Andrews (1993) and Andrews and Chen (1994) present a method for median-bias correcting the least squares estimator. To calculate the median-unbiased estimator of α, suppose α^ is an estimator of the true α whose median function (m(α)) is uniquely defined ∀α ∈ (-1,1]. Then α^u (the median unbiased estimator of α) is defined as:

where m(-1) = limα→-1m(α), and m-1:(m(-1), m(1)]→(-1,1] is the inverse function of m(.) that satisfies m-1(m(α)) = α for α ∈ (-1,1]. That is, if we have a function that for each true value of α yields the median value of α^, then we can simply use the inverse function to obtain a median-unbiased estimate of α. For example, if the least squares estimate of α equals 0.8 then we do not use that estimate, but instead use that value of α which results in the least squares estimator having a median of 0.8.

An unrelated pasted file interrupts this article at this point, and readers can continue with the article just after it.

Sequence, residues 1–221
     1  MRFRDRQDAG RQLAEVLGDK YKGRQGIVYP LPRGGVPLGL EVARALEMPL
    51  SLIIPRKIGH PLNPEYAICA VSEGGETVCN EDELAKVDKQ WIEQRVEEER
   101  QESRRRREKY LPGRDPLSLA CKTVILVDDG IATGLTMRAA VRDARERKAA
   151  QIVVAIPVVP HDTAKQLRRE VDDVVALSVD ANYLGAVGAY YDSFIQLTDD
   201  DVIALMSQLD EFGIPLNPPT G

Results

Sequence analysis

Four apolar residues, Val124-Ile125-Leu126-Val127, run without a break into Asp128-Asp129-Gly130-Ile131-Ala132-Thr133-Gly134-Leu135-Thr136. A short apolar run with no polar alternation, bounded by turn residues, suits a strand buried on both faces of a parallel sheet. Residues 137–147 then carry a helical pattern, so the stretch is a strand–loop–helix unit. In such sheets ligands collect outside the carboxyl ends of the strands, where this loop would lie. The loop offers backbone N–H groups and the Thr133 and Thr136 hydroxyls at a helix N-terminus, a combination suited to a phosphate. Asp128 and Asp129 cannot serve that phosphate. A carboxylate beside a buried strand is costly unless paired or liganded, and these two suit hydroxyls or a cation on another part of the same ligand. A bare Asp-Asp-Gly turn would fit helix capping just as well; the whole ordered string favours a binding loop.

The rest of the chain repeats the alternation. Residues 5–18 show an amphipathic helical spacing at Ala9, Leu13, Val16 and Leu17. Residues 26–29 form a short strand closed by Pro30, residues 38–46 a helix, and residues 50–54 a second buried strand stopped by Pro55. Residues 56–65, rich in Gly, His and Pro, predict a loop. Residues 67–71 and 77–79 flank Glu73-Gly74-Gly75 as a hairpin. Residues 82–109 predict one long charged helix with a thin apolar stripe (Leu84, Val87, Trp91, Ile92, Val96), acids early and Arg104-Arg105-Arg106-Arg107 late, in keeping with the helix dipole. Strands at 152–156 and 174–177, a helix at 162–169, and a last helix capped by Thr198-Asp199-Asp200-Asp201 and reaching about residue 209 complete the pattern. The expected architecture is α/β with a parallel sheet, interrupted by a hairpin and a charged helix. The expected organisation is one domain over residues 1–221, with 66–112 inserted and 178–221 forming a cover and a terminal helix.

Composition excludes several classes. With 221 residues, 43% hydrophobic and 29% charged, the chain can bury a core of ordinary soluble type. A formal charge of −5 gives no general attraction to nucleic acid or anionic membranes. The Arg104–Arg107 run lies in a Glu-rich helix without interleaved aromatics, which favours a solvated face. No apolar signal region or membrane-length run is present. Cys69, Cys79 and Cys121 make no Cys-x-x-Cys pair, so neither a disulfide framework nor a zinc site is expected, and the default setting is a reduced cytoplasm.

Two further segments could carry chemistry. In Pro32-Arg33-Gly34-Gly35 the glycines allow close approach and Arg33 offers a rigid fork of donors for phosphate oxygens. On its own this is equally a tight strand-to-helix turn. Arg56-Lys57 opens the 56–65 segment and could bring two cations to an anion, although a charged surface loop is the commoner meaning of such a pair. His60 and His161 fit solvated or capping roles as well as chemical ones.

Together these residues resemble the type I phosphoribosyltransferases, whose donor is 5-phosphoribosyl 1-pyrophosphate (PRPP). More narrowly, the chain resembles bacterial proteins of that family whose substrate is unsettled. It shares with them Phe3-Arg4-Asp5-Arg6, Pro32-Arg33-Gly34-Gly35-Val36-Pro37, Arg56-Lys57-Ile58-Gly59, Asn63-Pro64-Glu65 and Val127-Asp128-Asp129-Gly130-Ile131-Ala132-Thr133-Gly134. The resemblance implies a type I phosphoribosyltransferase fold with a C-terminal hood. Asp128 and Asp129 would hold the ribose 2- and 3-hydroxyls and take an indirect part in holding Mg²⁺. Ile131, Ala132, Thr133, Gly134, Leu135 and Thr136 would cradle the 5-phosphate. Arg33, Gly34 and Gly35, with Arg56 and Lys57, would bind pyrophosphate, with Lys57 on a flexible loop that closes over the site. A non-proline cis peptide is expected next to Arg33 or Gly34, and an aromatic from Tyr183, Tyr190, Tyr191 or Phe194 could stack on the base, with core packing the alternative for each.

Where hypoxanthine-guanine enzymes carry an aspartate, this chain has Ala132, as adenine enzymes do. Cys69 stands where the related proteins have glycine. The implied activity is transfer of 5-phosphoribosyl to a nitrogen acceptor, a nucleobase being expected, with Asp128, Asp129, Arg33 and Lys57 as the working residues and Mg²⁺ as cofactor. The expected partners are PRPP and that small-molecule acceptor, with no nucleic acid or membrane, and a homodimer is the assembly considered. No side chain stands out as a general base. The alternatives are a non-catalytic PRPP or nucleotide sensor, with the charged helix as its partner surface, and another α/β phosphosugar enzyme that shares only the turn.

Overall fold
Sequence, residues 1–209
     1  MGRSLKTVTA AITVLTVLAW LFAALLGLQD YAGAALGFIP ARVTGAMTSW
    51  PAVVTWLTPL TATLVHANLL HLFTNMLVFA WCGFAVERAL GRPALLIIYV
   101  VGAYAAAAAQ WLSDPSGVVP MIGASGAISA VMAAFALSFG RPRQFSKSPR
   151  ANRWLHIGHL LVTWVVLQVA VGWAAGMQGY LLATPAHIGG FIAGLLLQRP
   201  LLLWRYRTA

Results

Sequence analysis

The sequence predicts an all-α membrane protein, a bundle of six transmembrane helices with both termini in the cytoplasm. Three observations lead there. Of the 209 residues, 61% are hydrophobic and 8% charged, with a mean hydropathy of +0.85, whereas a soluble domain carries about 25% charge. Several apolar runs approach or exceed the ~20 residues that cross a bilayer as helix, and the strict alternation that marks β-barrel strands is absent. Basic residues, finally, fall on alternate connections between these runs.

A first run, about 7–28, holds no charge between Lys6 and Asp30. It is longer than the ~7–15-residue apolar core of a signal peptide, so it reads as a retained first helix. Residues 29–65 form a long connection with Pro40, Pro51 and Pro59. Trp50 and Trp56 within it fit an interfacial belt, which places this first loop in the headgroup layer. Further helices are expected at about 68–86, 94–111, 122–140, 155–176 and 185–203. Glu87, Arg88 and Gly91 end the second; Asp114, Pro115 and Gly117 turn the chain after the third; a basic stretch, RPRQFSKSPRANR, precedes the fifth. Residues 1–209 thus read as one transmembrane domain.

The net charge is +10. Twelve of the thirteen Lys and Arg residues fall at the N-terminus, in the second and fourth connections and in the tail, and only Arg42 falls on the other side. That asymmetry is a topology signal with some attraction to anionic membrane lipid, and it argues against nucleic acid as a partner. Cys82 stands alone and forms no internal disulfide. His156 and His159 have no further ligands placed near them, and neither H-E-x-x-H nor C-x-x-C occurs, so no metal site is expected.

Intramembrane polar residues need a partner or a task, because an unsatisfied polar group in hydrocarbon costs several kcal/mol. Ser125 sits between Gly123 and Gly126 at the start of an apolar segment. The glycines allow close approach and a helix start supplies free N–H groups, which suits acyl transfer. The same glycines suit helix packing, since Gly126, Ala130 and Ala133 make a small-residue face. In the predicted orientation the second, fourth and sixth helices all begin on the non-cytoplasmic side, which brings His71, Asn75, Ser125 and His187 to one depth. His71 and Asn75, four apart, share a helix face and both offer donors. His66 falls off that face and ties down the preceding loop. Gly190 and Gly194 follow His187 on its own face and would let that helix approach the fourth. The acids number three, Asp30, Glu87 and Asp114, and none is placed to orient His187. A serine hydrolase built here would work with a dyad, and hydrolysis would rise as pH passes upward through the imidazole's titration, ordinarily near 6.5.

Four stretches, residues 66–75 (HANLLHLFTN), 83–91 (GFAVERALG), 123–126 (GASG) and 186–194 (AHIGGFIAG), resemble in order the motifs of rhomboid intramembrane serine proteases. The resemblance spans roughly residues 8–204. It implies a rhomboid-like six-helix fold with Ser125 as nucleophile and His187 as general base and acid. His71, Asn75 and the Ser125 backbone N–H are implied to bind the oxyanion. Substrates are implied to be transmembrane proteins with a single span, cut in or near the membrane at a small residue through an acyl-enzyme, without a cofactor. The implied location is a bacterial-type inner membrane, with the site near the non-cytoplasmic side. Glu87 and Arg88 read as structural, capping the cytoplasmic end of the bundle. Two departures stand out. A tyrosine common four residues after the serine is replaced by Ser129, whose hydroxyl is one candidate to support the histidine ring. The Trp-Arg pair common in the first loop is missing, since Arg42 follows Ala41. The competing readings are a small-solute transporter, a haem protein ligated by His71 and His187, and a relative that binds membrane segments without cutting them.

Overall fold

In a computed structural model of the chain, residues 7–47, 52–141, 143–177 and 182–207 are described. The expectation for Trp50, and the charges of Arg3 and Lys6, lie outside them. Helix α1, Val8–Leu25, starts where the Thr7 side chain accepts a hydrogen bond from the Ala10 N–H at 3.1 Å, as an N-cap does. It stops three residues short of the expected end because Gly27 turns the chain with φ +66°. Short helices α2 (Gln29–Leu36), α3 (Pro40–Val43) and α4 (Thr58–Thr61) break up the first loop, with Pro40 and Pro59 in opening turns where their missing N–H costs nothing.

It is also possible to control for the presence of serial correlation by using the unit root procedures suggested by Phillips and Perron (1988)—for an example, see Cashin and McDermott (2003). This would have the benefit of allowing a wider class of serial correlation and heterogeneity of the errors, and would be an advantage when dealing with exchange rate data, since time series models of such data are often found to contain heterogeneous errors. Nonetheless, to calculate a measure of persistence, it is easier to deal with a full parametric model rather than the semi-parametric methods of Phillips and Perron (1988). Moreover, measures of persistence derived from parametric models can be more easily compared with previous studies. Cashin and McDermott (2003) find that half-lives of real exchange rate deviations from parity derived from both Dickey-Fuller regressions and Phillips-Perron regressions are broadly similar. Accordingly, it appears that the tradeoff when choosing a simpler method involves a relatively small cost. However, neglecting to deal at all with serial correlation would lead to serious over-estimation of the persistence of shocks to the real exchange rate.